Celebrities as Health Educators: Media Advocacy Guidelines
Baker, Judith A., Lepley, Cyndi J., Krishnan, Satya, Victory, Kathryn S., Journal of School Health
Celebrities often use their popularity to champion causes and endorse products.[2-4] They play multiple roles as spokespersons for health issues including advocate, educator, social change agent, and fundraiser. The December 2, 1991, issue of People magazine focused on 12 celebrities who developed off-camera roles providing services for people or causes. Actor Steve Guttenberg distributes food to the homeless. Actress Kate Capshaw works for immunization of children. Television star Jill Eikenberry narrated a documentary about breast cancer and testified before a Senate subcommittee on breast cancer. School administrators often use celebrities in anti-drug programs. Celebrities also serve as role models, particularly for children.
Mass media are primary sources of health information for many Americans. In the absence of other means for making health decisions, people often rely on intuitive judgments of probabilities known as heuristic strategies. One common strategy involves the availability heuristic in which individuals judge the likelihood of developing a health problem or disease based on how readily they can imagine or recall the condition. For example, individuals often overestimate the probability of developing a serious disease because the disease has become vivid or emotionally intense. Testimonials by prominent public figures or celebrities who disclose their personal health concerns potentially create emotionally intense and vivid images.
Consequently, celebrities represent a potentially salient source of health information for the general public with the power to stimulate and frame public discussions about health problems. Yet, a study of endorsements in national magazine advertising from 1980 to 1986 revealed that while endorsements by celebrities are widely used, less product information was provided in endorsement advertising than in other types of advertising. The role of celebrities as media advocates for health education warrants analysis.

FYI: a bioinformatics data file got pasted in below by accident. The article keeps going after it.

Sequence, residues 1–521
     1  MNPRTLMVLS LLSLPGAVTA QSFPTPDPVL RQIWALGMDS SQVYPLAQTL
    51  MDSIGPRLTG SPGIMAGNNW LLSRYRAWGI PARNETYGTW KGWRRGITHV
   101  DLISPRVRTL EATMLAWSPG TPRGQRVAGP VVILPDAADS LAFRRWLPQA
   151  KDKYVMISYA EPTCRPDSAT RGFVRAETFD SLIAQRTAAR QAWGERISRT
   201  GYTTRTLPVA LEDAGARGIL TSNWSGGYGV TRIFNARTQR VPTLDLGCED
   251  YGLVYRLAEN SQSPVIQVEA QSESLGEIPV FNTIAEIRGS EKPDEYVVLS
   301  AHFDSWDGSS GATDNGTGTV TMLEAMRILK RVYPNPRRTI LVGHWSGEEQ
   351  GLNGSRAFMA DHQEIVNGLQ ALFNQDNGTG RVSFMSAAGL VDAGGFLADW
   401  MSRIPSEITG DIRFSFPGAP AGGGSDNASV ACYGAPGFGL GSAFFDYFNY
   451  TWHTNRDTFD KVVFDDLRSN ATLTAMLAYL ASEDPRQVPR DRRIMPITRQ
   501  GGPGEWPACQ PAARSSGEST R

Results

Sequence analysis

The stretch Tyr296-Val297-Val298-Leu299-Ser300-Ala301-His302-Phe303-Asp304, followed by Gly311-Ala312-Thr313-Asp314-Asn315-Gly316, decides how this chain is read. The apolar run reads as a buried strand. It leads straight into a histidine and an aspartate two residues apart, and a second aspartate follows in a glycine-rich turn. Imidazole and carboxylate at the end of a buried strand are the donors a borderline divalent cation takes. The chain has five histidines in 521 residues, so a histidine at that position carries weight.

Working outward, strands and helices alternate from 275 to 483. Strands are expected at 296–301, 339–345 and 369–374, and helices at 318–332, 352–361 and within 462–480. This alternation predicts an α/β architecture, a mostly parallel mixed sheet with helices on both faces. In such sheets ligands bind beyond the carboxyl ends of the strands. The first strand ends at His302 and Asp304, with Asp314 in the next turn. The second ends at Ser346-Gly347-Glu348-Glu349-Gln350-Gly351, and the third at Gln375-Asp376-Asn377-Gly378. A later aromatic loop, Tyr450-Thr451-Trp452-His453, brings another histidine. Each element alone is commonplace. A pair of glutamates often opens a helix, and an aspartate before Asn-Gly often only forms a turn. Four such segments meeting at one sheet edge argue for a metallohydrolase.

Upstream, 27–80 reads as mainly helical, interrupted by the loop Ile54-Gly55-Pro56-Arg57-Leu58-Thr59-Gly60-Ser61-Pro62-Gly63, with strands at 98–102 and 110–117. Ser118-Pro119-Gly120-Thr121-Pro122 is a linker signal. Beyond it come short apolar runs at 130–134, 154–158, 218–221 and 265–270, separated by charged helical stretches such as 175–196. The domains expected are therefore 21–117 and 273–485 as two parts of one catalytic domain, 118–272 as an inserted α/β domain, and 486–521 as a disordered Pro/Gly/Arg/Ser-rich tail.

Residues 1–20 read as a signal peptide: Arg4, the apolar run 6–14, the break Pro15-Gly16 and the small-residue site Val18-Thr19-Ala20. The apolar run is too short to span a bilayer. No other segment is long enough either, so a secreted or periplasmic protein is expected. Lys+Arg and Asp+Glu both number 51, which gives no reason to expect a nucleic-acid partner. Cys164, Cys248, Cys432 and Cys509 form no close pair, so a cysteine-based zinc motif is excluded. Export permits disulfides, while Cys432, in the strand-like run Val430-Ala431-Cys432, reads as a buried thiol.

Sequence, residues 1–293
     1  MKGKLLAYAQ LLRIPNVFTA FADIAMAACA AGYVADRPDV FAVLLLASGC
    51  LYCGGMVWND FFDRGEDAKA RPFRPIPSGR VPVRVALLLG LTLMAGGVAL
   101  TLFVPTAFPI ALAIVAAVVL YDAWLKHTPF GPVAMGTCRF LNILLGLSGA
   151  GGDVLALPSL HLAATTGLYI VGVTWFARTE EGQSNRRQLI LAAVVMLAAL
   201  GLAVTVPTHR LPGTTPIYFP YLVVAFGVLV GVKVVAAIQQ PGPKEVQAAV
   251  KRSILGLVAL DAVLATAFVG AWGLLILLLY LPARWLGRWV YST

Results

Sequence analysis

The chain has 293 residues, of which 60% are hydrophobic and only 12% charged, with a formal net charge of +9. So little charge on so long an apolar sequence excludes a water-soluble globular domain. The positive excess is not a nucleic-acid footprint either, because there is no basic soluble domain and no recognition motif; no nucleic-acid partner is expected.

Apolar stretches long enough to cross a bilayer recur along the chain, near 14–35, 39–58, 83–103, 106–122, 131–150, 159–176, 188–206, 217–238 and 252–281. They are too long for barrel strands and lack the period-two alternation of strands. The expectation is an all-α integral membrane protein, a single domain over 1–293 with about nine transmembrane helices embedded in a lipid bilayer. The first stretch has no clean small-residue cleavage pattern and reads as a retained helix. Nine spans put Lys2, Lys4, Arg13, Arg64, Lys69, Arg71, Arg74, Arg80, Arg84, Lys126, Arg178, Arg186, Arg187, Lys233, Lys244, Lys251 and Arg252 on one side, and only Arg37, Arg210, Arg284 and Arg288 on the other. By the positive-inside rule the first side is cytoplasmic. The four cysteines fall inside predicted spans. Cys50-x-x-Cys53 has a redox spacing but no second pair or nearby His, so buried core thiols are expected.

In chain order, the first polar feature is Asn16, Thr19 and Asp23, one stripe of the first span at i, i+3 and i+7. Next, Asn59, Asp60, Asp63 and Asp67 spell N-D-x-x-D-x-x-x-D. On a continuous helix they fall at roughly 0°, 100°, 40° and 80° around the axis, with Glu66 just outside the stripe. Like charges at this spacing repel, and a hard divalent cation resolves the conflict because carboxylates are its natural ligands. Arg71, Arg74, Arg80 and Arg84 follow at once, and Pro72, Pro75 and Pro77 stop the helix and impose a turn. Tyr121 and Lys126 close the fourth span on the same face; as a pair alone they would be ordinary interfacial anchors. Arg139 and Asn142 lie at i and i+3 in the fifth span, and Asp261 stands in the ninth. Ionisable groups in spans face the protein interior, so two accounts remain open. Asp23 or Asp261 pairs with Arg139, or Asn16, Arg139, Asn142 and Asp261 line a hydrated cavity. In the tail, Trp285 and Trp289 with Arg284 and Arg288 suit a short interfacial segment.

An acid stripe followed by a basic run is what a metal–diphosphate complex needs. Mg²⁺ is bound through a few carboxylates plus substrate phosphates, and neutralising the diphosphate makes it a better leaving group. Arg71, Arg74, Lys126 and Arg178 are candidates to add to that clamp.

The Magic Johnson Case
The situation created by Magic Johnson's desire to become a spokesperson for AIDS illustrates the need to understand the dynamics of celebrities as health educators. While many consider Johnson an ideal spokesperson for AIDS, others note that his public disclosure raised important questions.[9,10]
In his first public disclosure about the illness, Johnson sent intended as well as unintended messages. Initially, Johnson revealed that, having tested positive for HIV, he would retire from basketball to devote his attention to battling AIDS as a spokesperson. He emphasized heterosexual transmission of the HIV in his case and prevention of AIDS with safe sex. In doing so, Johnson simultaneously admitted and demonstrated a naivete about AIDS, its implications, and his own vulnerability. AIDS educators and public school health teachers questioned the appropriateness and effectiveness of Johnson's safe sex message. Since his disclosure, Johnson has begun promoting abstinence.
Johnson has broad appeal, to young and old, black and white, men and women, due to rare athletic talent and a charismatic personality. As an African-American sports idol, Johnson may be a highly credible spokesperson with inner city youth. Johnson lends a new image to AIDS, a disease previously associated with politically sensitive issues such as homosexuality, drug use, poverty, and limited access to health care. Noting the media's tactful treatment of Johnson's admitted heterosexual promiscuity, tennis star Martina Navrati-lova and others suggest a double standard:
The Magic Johnson story tells us that AIDS is an equal opportunity disease crossing all lines of sex, sexual orientation, race, and class. However, the role model is flawed, because in the portrayal of Johnson as a virile, heterosexual sports star, women, lesbians and gay men are again cast as less valuable, and perhaps even disposable parts of the human family. …